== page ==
Swansea 3 TRF

 I've called this old home brew TRF set the "Swansea 3" because that's from where I bought it.

I think it initially dated from the late 1920s and uses some government surplus parts, notably the khaki-coloured front panel and rear terminal strip. It's been modified and cared for over the years because it has parts dating from much later... for example the RF valve which is WW2 surplus.


 The valves, left to right: a CV1246 (with KB/Z under the code) in mint condition with military arrow and "WK". This is similar in characteristics to the Mullard PM202 B4 triode or Marconi P2. Centre is unmarked but looks like a PM1LF B4-based horizontally orientated triode with a ridge down the base adjacent to the anode pin which is marked "A", and a puzzle valve on the right which has tarnished gold metalising with partly decipherable "Ever Ready" and part of a "0" so it may be a type K30 B4 triode?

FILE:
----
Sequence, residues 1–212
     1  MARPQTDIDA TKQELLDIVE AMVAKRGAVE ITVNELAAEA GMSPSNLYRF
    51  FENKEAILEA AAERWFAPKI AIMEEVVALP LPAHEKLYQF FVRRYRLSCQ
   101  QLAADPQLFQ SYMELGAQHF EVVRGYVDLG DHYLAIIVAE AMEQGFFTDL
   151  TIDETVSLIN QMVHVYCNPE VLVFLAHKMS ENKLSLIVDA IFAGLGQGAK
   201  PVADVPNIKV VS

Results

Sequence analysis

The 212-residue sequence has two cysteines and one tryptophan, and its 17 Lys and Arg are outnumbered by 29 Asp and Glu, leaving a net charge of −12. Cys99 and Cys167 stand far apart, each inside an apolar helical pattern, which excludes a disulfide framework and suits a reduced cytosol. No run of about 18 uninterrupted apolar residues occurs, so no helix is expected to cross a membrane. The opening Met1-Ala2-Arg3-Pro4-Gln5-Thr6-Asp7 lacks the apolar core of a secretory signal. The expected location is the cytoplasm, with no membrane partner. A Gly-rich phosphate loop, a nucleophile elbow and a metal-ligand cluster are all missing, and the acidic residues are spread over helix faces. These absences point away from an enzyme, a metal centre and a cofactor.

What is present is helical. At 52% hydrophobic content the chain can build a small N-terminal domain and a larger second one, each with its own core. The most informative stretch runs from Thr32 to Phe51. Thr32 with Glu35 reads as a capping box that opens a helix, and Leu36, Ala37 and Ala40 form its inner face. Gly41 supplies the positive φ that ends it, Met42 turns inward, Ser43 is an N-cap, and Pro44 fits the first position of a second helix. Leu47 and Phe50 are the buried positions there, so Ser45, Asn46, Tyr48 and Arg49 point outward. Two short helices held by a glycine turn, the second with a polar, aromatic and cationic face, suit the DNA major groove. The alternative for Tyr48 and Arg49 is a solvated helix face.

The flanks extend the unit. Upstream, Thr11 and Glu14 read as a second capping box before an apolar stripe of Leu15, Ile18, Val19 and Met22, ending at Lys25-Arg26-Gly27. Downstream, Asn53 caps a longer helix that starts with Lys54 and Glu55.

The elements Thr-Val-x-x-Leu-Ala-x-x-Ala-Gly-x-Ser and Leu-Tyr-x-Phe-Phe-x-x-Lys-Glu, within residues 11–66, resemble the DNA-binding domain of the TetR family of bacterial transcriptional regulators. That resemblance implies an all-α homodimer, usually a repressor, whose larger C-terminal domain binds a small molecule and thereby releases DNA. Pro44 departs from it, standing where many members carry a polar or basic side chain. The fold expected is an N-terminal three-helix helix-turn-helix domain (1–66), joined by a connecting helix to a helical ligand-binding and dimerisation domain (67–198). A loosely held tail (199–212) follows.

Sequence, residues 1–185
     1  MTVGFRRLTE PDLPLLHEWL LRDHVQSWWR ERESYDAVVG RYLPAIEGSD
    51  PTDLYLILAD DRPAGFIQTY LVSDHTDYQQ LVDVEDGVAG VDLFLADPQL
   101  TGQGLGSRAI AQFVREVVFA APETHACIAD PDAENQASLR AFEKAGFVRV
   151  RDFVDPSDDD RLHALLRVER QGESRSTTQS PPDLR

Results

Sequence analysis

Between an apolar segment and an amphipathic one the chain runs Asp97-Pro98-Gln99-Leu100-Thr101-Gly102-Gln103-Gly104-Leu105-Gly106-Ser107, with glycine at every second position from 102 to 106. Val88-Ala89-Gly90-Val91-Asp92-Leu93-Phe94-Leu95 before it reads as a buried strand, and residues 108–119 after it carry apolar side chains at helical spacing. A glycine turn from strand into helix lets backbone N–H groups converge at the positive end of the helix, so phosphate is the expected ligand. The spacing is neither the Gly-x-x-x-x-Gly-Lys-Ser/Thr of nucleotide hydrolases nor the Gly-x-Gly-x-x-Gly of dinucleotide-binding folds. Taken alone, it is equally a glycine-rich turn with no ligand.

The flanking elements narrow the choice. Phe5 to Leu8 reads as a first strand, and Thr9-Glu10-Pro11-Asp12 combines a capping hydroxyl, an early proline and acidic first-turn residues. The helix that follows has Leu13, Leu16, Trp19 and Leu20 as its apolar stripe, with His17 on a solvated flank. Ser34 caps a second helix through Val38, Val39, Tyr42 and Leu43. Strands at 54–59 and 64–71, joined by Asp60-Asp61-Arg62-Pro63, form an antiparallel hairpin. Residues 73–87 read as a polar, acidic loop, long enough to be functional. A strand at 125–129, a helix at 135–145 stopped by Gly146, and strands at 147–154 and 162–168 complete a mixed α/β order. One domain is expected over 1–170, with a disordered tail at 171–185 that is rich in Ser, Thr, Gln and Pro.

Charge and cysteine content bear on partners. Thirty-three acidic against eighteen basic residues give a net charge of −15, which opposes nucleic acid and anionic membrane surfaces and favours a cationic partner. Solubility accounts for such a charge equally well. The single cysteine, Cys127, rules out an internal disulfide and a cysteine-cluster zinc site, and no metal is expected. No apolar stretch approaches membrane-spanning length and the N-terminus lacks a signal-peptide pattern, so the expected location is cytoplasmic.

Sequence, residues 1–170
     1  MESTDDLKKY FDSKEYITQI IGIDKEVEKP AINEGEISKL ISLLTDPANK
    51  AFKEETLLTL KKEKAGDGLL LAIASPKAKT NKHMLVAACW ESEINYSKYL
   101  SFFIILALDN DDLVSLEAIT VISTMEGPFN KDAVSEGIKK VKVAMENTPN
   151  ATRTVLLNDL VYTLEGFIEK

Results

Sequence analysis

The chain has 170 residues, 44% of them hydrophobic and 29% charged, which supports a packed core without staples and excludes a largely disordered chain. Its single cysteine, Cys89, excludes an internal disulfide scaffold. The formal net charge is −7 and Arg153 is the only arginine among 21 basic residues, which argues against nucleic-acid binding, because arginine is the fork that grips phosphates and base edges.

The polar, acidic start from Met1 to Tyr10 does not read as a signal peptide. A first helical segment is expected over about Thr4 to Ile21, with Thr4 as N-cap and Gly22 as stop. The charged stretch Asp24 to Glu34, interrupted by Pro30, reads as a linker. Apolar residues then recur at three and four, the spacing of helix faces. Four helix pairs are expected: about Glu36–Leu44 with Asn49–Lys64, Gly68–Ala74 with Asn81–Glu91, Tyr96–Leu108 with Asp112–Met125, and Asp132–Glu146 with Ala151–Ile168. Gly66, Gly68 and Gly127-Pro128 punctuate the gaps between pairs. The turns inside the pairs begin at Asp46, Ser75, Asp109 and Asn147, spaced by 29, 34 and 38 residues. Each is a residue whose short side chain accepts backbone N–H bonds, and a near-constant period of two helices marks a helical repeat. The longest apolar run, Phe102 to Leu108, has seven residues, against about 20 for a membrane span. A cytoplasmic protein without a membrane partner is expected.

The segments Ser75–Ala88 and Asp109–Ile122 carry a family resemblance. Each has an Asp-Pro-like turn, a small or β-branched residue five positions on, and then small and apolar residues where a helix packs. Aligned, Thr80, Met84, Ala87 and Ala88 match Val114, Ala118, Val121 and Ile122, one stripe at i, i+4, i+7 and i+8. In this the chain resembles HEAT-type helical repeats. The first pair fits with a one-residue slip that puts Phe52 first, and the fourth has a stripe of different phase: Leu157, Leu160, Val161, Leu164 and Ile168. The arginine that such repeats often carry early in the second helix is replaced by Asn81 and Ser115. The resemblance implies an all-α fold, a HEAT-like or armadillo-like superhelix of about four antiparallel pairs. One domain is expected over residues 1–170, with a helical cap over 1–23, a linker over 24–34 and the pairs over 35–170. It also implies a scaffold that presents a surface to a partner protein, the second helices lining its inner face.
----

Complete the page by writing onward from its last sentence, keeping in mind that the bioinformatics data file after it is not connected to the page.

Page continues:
The set has a nicely marked out termination panel.


 Below is a sorry-looking vaccuum resistor which measures a steady 1.78Mohms so may be a working grid leak.


 Next are pictures of the set's two interstage transformers. These are identical Lissen types.



 Above.. you can just see a bright green Mansbridge condenser. These were expensive.
 Other than that, there's not a lot to say about this ancient-looking set. I noticed it has a pilot lamp style fuse fitted to the baseboard, but as a fuse I'm not entirely sure it was really very useful as it's marked "12 volts 2.2 watts". This equates to a current of 183mA at normal brightness. There's a pair of coils. These are mounted on a mechanical arrangement which allows the pair to be moved closer or further apart. I haven't traced the circuit, but I suspect these coils are arranged to provide feedback or "reaction". The method used saves on a second variable condenser at the expense of sightly less exact adjustment. The two plug-in coils are marked "What are the Wild Waves Saying", a very common type of coil used in the early 1930s by home constructors. One is marked "150 Metres" and the other "200 Metres". I suppose they could be unplugged and swapped over to change the received wavelengths a little?

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